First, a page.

But now look at how Jesus skillfully draws out this man’s sin by first exposing his self-righteousness, and then crushing it by exposing the point at which he disobeys God’s command.  It sounds harsh, but our self-righteousness needs to be crushed and our sins need to confessed in order to be healed.  Look at v.18-19, in reply to the man’s question: “Which commands must I obey?” “Jesus replied, ‘’You shall not murder, you shall not commit adultery, you shall not steal, you shall not give false testimony, honor your father and mother,’ and ‘love your neighbor as yourself.’’”  Notice all of these commands are part of the 2nd table of the Law, the 2nd part of the 10 commandments, which are the last 6 commandments that deal with our relationships with each other.  “Love your neighbor as yourself” sums up the last 6 commandments.  There is one missing, however.  The 10th commandment, “Do not covet,” is missing from this list.  Jesus will use that to point out the man’s sin.

Look at v.20, “’All these I have kept,’ the young man said. ‘What do I still lack?’” Superficially, the man kept these commands.  He kept them as he understood them.  He understood these laws letter for letter, but he did not understand the spirit of these laws.  The spirit of the law was given in the sermon on the mount.  For example, even hatred is equivalent murder, looking at a woman lustfully is considered adultery.  If he understood the spirit of the law he would have broken the commands, but he only knew the laws by the letter, that is, only by exactly what they spelled out.  So he could definitely say, “Yes, I did not murder, yes, I did not commit adultery, yes, I have not stolen a thing, yes, I do not lie or gossip, and yes, I honor my father and mother.”  Here was a good man.  Here is an outstanding citizen.  A young man, and a ruler, and morally upstanding, especially in the eyes of men.  “All these I have kept,” he said, “What do I still lack?”  Either he wanted to know if there was anything else he needed to do, or he was looking for confirmation from Jesus that was all he had to do, but he asked, “What do I still lack?”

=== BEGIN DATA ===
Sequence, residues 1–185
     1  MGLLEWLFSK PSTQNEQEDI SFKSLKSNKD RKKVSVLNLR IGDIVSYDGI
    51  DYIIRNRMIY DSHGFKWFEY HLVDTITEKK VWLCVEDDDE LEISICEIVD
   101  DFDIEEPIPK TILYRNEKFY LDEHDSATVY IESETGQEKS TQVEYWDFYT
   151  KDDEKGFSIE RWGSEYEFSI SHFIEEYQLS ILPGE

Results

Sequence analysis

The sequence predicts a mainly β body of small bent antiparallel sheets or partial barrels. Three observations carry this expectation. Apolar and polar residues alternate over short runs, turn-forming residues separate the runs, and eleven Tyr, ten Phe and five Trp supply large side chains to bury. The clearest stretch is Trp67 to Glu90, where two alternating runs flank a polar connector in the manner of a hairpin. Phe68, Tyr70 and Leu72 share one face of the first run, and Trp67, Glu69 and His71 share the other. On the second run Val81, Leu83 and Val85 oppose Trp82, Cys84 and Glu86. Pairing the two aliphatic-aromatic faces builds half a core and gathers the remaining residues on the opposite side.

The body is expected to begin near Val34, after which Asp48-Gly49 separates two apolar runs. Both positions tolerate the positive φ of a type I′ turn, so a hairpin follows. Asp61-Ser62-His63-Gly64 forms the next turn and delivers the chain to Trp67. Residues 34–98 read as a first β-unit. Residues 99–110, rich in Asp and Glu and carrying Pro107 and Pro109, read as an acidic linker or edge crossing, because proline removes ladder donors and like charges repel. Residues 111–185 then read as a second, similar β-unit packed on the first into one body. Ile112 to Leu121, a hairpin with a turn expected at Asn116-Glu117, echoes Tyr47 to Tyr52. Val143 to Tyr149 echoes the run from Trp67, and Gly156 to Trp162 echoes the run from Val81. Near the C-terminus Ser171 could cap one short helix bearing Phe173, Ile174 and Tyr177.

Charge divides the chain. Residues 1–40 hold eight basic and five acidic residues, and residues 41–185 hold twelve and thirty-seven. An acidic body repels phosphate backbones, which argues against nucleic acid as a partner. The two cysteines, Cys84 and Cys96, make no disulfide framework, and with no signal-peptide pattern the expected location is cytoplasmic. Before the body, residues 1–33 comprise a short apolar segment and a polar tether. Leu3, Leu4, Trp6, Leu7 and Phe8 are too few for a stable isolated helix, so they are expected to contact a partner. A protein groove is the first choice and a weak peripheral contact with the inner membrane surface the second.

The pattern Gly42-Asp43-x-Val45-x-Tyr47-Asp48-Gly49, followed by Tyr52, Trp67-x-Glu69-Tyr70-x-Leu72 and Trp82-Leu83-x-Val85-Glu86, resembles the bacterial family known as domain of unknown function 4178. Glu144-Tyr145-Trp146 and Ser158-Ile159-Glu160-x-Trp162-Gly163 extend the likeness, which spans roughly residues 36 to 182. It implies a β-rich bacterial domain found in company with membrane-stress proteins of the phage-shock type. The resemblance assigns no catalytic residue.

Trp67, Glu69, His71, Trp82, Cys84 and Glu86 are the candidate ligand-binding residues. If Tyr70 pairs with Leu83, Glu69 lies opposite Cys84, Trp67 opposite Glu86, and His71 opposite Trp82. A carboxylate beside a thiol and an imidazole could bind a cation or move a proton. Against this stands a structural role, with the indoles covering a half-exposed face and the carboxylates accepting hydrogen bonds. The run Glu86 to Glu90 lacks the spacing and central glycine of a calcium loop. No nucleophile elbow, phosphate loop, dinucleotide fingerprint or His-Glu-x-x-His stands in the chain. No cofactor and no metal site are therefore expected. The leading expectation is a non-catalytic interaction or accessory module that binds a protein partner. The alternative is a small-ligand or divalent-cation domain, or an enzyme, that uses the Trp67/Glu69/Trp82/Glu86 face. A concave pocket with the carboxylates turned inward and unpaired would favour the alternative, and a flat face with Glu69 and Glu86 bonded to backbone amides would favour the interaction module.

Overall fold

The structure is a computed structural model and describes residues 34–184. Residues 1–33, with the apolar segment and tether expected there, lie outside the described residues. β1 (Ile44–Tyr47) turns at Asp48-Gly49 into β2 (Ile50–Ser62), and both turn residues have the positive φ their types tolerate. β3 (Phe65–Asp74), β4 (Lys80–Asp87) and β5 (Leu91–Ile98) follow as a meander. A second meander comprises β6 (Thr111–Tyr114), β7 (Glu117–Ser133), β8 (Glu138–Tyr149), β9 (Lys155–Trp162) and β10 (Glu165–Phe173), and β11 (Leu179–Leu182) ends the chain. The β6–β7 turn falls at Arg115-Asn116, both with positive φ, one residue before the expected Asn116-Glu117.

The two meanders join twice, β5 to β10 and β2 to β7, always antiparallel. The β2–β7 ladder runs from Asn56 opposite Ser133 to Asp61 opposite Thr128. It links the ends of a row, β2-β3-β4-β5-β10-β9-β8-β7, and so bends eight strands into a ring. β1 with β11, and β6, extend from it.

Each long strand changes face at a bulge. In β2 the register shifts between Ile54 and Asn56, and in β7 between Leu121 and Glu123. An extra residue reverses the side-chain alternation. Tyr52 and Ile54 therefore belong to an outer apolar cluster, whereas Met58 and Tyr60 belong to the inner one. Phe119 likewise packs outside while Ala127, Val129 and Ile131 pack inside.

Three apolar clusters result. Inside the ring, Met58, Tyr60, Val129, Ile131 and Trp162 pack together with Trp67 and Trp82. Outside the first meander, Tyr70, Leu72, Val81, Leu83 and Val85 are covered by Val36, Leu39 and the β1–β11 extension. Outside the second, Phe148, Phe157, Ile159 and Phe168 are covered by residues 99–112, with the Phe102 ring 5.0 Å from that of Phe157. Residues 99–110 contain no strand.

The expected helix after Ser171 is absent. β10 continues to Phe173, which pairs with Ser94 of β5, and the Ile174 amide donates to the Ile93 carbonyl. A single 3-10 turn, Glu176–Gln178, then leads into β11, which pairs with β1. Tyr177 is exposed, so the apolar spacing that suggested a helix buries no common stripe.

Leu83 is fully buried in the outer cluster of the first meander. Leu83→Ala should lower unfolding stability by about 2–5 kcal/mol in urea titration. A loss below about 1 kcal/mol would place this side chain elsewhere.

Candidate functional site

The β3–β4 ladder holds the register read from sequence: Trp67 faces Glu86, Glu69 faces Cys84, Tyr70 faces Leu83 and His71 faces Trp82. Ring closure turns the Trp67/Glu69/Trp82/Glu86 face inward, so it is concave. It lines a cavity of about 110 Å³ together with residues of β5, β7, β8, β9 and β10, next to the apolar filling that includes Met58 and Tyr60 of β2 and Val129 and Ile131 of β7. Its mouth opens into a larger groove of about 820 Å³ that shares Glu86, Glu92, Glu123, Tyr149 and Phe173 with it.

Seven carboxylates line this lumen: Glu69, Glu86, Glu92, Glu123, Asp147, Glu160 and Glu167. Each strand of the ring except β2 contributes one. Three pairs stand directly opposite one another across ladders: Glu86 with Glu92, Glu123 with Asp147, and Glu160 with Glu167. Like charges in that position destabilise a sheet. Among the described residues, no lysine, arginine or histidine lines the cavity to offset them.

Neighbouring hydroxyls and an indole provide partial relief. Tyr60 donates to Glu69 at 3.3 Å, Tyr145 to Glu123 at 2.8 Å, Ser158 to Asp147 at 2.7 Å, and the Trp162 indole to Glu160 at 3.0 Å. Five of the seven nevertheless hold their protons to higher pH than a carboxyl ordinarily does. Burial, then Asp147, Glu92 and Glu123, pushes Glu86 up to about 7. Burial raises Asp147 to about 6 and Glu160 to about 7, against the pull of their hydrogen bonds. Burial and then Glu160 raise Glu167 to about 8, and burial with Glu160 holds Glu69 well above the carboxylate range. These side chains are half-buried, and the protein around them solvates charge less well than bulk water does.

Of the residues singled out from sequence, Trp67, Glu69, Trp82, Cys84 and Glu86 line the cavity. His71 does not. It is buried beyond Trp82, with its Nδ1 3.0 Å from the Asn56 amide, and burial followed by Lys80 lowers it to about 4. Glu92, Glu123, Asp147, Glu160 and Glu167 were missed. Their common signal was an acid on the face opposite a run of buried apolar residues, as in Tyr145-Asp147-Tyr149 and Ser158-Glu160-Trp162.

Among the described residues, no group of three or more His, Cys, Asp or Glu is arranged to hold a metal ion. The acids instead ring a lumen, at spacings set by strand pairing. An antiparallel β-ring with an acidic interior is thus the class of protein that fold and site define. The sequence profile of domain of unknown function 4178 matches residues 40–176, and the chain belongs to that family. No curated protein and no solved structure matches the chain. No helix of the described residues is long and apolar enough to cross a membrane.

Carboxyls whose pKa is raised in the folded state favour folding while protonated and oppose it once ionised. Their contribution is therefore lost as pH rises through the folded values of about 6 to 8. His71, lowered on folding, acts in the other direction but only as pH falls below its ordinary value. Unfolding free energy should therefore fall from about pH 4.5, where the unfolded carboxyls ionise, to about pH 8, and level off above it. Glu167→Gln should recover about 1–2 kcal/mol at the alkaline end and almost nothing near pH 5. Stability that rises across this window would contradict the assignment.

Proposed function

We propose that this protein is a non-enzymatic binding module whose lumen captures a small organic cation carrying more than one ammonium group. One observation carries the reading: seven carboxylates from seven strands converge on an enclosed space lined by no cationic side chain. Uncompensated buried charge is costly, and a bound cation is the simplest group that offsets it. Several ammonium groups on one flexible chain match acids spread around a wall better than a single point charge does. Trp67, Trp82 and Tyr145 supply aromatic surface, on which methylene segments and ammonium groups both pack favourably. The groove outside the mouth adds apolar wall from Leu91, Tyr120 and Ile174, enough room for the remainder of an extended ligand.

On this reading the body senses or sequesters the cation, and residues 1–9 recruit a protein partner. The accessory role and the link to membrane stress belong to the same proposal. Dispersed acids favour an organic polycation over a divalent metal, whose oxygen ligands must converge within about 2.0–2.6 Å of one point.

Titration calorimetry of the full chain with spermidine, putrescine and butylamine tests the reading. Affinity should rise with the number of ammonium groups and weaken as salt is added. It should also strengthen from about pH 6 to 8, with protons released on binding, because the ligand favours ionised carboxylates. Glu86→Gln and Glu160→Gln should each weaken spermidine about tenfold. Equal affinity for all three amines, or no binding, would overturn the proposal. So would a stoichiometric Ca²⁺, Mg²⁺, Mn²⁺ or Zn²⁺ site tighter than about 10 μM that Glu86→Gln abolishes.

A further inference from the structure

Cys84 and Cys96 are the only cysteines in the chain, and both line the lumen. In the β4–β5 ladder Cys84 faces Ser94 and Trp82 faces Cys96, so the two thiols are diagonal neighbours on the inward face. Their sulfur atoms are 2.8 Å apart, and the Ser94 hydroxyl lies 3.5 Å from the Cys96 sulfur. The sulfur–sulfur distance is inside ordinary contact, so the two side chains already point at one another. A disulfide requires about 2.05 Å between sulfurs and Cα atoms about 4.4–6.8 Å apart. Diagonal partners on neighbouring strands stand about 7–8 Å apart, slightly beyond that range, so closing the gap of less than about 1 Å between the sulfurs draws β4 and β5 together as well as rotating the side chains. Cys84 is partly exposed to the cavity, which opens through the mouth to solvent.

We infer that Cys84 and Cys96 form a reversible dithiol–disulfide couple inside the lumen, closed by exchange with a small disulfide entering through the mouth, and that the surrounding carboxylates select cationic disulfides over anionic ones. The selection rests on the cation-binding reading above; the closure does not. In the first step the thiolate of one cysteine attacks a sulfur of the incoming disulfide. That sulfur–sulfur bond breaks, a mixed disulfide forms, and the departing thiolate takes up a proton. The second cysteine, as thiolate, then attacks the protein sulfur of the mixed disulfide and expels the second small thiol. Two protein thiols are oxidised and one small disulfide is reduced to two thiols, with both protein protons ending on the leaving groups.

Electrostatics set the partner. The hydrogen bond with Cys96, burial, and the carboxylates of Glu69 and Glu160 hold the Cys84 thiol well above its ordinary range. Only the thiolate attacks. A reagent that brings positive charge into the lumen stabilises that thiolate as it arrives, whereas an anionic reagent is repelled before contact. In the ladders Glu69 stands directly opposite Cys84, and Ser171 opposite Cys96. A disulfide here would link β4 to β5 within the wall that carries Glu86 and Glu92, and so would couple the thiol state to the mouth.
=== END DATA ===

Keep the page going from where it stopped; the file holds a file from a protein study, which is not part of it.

In v.21, “Jesus answered, ‘If you want to be perfect, go, sell your possessions and give to the poor, and you will have treasure in heaven.  Then come, follow me.’”  To be perfect means to be lacking nothing, to be complete.  To be perfect means to be 100% righteous, able to keep all of God’s commands all the time.  Jesus says for this man to be perfect, he should sell all of his possessions.  Jesus is not saying for all of us to be perfect, sell our possessions.  That might not be our weakness.  We might be generous, but have lustful eyes.  But for this man, Jesus challenged him to demonstrate generosity, and to love his neighbor, especially his poor neighbor, as he professed to do.

What happened?  Look at v.22, “When the young man heard this, he went away sad, because he had great wealth.”  Instead of heeding Jesus’ call to follow him, he turned and went away from Jesus.  He was sorrowful, but he did not have godly sorrow, but worldly sorrow.  If he had godly sorrow, it would have led to repentance.  He would have been sorry about his love for money, and did as Jesus said and try to clear himself.  But he was sad because he was found lacking, it hurt him, but instead of going to Christ, he left.  Sometimes a rebuke or a true word might hurt us, make us angry or sad, but we should be careful not to wallow in our pain, but seek Christ and repent.  So here, Jesus found a good thing that this man would not do.  Ultimately, this man broke all of God’s commands.  He did not love his neighbor, because he refused to give to the poor.  He also did not love God, which is the highest command, because he loved his wealth.  Jesus exposed his greed, which is idolatry.  The man was an idolater.  And he would not follow Jesus.  To follow Jesus would require him to deny himself.  Again, for this man it was money and greed.  It may not be the same for us.  Sometimes to deny ourselves might mean to swallow our pride, or turn our eyes away from lustful images.  Sometimes it might be to turn off those games and do some chores.  Though specifics may differ, everyone is called to deny themselves and follow Christ.  To follow Jesus also carries a risk of persecution, especially in his day, when the Jews were looking to kill him.